Semple’s List

Emily Semple wants a second term on the City Council to take care of issues

Photo by Todd Cooper

Although she admits it’s challenging, City Councilor Emily Semple says she loves her elected position enough that she wants to do it for another four years.

Semple is seeking re-election, representing Eugene’s Ward 1, which covers most of downtown Eugene. She says she has gained momentum in working on homelessness, downtown safety and climate change, and she wants to see how the projects pan out.

 “I want to continue some of the things we’ve been working on for a long time, and we are on the cusp of some results,” she says. “And I want to get there and see what happens with those results.”

If elected to a second term, Semple says climate change is the biggest topic of them all, and the City Council’s present list of climate action doesn’t cover all of the council’s desires. Semple says she would love to see plastic recycling in the city again.

“I am especially proud of our ordinance for single-use service items,” Semple says. “It’s something I’ve wanted for a long time.”

As a representative for downtown Eugene, Semple wants to see substantial changes when it comes to helping the homeless. The social aspect of homelessness is something she wants to address, she says, because people don’t have anywhere to hang out or sleep.

“I’ve been asking for a day center right from the get-go.”

The City Council opened up Camp 99 in early 2019. It quickly closed when St. Vincent De Paul’s Dusk to Dawn shelter program started. Semple says it has been frustrating not to have any type of shelter downtown.

“The other part is, there is nowhere to sleep, and advocates have been asking for a shelter for forever,” Semple says. She hopes they can get some traction in these areas, especially because the city and county’s TAC report on homelessness lists a day shelter and central navigation point for services as steps towards helping end homelessness.

Semple says, ideally, the city would also re-evaluate the no-camping ordinance, and although she wants legitimate and legal places for people to go, criminalization is still an issue.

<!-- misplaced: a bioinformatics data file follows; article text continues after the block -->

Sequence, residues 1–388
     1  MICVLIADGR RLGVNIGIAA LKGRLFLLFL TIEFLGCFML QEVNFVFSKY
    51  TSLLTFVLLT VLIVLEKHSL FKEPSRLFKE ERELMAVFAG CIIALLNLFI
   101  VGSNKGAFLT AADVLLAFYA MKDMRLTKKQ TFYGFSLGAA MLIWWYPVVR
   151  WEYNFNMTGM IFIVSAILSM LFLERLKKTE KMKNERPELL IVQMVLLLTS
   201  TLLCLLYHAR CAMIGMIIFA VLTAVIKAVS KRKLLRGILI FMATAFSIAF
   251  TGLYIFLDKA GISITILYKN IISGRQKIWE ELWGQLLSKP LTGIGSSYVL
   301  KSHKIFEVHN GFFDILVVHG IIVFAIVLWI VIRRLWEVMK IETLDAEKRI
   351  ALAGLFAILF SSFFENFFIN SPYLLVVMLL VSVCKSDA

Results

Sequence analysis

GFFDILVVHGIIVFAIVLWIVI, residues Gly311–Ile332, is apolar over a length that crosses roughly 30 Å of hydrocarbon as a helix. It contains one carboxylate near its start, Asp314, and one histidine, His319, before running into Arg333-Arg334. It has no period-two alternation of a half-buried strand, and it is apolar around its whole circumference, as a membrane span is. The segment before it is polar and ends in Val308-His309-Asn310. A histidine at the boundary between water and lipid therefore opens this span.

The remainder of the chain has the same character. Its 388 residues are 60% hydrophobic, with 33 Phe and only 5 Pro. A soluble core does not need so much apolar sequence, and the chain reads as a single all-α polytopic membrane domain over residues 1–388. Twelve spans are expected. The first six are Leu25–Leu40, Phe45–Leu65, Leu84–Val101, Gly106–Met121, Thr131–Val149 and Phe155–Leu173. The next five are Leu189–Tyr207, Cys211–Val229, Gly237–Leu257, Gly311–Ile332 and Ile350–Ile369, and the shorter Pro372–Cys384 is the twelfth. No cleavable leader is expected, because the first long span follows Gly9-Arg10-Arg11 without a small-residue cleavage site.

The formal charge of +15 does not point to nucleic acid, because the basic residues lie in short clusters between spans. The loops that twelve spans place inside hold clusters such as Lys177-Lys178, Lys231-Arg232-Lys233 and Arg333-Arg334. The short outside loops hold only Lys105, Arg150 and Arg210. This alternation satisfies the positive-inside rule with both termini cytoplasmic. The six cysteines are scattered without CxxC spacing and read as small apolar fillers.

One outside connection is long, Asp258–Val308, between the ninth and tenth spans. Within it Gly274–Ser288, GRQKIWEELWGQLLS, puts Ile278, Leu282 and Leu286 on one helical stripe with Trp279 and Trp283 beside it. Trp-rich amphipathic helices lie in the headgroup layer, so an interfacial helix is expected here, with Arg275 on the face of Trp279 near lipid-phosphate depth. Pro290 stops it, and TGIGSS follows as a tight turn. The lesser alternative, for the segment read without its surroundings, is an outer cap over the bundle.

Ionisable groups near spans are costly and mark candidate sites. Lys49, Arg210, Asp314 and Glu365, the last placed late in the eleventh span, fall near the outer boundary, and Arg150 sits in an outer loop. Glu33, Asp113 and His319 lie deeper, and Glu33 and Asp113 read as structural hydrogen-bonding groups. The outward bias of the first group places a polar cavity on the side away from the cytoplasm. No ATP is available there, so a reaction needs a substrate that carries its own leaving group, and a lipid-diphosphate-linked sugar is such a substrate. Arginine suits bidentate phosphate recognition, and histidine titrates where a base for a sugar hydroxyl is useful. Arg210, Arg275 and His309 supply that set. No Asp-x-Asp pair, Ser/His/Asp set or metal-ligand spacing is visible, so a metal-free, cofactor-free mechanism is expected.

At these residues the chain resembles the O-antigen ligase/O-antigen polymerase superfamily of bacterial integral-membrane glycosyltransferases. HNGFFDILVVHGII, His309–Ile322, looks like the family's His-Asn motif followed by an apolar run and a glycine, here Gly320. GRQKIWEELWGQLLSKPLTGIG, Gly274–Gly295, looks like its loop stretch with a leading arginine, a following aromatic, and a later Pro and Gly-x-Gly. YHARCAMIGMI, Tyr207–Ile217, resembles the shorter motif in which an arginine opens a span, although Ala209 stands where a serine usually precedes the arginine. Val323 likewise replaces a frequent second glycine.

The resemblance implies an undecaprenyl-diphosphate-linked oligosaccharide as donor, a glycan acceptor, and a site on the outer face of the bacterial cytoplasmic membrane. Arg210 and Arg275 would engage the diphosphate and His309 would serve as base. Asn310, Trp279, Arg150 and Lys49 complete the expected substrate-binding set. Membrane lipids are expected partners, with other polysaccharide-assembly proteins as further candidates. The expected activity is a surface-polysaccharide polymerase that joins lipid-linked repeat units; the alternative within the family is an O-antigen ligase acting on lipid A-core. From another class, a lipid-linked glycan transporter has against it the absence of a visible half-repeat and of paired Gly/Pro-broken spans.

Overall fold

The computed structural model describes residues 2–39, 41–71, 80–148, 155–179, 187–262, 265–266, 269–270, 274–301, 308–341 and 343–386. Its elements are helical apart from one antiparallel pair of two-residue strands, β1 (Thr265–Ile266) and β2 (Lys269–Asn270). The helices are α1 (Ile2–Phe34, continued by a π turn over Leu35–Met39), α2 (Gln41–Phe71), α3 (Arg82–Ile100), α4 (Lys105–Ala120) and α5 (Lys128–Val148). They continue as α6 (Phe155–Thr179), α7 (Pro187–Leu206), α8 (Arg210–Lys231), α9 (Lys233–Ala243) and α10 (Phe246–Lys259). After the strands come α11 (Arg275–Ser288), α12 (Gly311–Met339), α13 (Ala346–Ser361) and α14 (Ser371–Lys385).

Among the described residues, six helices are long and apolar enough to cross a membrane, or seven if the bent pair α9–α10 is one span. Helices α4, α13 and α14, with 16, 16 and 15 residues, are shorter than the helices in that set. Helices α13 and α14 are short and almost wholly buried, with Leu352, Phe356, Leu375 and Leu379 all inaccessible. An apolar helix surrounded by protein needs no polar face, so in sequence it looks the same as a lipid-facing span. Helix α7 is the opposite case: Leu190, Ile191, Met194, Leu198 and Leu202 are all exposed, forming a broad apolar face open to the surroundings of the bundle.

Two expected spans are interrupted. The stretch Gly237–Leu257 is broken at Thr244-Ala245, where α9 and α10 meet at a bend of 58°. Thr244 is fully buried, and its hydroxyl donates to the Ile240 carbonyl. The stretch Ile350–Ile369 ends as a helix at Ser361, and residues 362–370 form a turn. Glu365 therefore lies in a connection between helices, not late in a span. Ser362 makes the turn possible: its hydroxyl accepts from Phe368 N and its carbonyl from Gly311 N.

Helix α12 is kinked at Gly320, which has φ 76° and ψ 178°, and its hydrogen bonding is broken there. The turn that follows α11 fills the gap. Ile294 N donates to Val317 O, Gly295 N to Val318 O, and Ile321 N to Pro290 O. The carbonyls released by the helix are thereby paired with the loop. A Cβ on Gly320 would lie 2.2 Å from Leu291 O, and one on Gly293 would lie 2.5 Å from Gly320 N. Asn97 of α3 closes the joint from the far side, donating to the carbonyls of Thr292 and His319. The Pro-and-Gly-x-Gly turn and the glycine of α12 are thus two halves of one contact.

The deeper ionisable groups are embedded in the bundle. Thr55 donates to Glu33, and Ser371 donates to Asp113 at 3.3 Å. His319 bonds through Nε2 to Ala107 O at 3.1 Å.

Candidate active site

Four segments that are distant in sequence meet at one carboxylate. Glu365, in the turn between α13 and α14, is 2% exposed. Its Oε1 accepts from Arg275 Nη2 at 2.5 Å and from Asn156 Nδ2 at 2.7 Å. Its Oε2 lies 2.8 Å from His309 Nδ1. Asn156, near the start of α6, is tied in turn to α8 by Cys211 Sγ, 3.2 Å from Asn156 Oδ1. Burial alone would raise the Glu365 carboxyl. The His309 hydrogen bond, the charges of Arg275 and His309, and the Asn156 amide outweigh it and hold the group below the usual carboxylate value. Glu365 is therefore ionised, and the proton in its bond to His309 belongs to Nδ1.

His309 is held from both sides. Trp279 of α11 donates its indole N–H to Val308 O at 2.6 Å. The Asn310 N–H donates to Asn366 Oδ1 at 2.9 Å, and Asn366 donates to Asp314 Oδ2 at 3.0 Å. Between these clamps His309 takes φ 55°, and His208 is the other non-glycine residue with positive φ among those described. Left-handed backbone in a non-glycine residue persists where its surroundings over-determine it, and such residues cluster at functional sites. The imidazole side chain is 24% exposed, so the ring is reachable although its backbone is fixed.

“I would love that for us,” she says. “It costs so much to hassle the homeless. And you know, if someone’s asleep in a corner at 10 o’clock and nobody else is around, can we just let them stay there until six?”

Another side to this is housing. In 2022, controversial Oregon House Bill 2001 will go into effect. It eliminates single-family zoning and allows for higher residential density in the state’s urban areas. 

Semple says because of the hills in Eugene, the city lacks buildable space. HB 2001 gives the city the opportunity to maximize the developed areas of town. 

Downtown safety and revitalization are also a high priority on Semple’s list. During her time as councilor, Semple says she advocated for the payroll tax that the city passed, which increased the number of police officers patrolling around town as well as the number of calls they respond to.

“Now, I did get some pushback that I was wanting more cops to arrest the homeless, which is absolutely the last thing I wanted,” Semple says. 

She adds that part of making downtown better would be to build a newer City Hall that has spaces available for the public to rent out. 

As the incumbent, Semple says she now understands the council process better, and wants to address some of the criticisms the Eugene City Council has received.

One of these problems is the speed at which the City Council accomplishes projects. She says this slowness can be attributed to the number of topics, the time it takes to develop ideas and research and that sometimes the councilors need to settle on a timeline. 

“It’s tough,” Semple says. “So, yes, I would like us to be more efficient. At the same time, it’s just not always possible.”

Another area of improvement she wants to take on, if re-elected, is communication. Some ideas Semple has for this include increasing outreach, meetings at schools, more surveys and more accessibility to council meeting agendas and meeting discussions. She wants to create a Facebook page called “What’s up Ward 1,” where people of her ward can discuss issues and she can answer questions.

“So yes, I think we have made improvements and, yes, we will see more.”

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